EDITOR’S NOTE: In a third article about how to share Christ with friends of another faith, seminary professor Jeff Brawner focuses on sharing Christ with Hindus. Friday’s article focused on witnessing to Muslims; Thursday’s article, on witnessing to Mormons.
CORDOVA, Tenn. (BP) — If you’ve traveled most anywhere in the United States recently, you’ve likely had contact with a follower of Hinduism, a religion that is becoming a major factor on the American religious landscape.
Witnessing to Hindus can be daunting. A seminary student described his effort to reach out to a Hindu, saying, “They have all of those gods. I just felt … helpless.”
With 330 million gods, a Hindu’s simple response can be, “How can we be wrong, if we accept that everyone is at least partially right?”
Still, increasing numbers of Hindus around the world are trusting Christ. The church in India now encompasses more than 70-million people, the world’s eighth-largest Christian population.
To initiate sharing Christ with a Hindu, consider these three steps:
1. Befriend a Hindu. Invite your new Hindu friend to coffee or tea. Invest time in your new friend.
2. Avoid the urge just to be the person’s friend. Take a leap of faith and talk about spiritual ideas as soon as possible. Mention how God has blessed you, so the person will know that you are a spiritual person.
3. Look for “spiritual clues” — indications that God is working in the person’s heart. If the person mentions thinking about spiritual matters, recognize that he or she might be open to a Gospel presentation. Seize the opportunity if it is available to take the bold step of presenting the Gospel to your friend.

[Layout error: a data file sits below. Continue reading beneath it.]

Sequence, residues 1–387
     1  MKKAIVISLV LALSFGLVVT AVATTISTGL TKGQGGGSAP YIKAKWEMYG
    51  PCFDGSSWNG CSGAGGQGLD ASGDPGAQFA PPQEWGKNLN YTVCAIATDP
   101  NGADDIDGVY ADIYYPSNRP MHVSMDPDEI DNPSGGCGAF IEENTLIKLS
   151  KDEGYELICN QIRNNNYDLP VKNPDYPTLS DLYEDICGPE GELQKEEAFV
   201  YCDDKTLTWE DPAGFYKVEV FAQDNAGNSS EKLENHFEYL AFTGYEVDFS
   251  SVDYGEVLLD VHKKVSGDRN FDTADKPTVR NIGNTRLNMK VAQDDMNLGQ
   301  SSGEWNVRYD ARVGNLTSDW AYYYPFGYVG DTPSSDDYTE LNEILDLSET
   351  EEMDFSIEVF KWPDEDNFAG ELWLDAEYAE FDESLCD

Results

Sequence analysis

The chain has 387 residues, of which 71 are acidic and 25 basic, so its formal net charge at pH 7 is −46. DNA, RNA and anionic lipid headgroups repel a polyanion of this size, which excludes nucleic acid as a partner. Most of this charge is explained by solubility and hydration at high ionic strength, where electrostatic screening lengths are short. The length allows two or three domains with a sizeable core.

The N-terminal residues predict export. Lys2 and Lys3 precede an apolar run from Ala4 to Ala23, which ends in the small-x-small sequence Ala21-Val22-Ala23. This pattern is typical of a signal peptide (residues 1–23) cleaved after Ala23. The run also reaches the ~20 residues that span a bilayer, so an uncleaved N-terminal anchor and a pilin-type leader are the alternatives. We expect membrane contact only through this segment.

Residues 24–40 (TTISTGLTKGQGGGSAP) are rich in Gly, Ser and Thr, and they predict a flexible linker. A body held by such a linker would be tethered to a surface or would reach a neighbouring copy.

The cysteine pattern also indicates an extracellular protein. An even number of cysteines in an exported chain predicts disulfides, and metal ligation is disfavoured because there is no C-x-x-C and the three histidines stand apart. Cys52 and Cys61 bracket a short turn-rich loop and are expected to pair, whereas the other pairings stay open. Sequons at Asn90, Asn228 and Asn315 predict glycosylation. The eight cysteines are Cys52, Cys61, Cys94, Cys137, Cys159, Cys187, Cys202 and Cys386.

In my book, “How to Share Christ with Your Friends of Another Faith,” I give four different approaches to witnessing to a Hindu. For one of those, I asked “David S.,” a veteran pastor who has served in India for more than 11 years, to describe his witnessing approach. Notice David’s brief non-intimidating style. David looks for a person’s needs and then shows how Christ meets those needs. Also, note how David constantly points his polytheistic friend to the only true God.
“I always start a conversation with the topic of my friend’s family, such as his mother, father, wife, or children,” David said. “I then continue the conversation by inquiring about their needs. I keep the conversation going until I find some place that isn’t going well in the person’s life.
“Whatever the stress in his or her life, I would ask, ‘How are you feeling about it? Is it worrying you?’
“Whatever the specific needs, I express my concern and say, ‘I believe in the One True God because He really loves me. I will pray for you. The One True God knows your problem and knows about you.’
“Then I say, ‘Would you mind if I pray with you right now?’ I would bow my head and clasp my hands in a posture of prayer. If my friend is a man, I will put my hand on his shoulder and pray RIGHT THEN for that need.
“With that prayer I have ministered to my friend immediately. Then I think of a story in the Bible that would match his dilemma.
“After relating the Bible story, I tell my friend, ‘But all those blessings did not make me a true believer. Those were a kindness to me from the One True God.’
“I might give my friend an opportunity to give his life to Christ; however, I probably will wait to do so. Why? I wait, generally, because he still will have to deal with many issues such as idolatry and polytheism. You don’t want to rush the process.”
David’s approach is simple and reproducible. Start now to pray about finding a Hindu friend with whom you can share Christ.
Jeff Brawner is chairman of the department of missions and assistant professor of missions, theology and church history at Mid-America Baptist Theological Seminary in Cordova, Tenn. His book, “How to Share Christ with Your Friends of Another Faith,” is available at www.hannibalbooks.com and such online sites as amazon.com and barnesandnoble.com.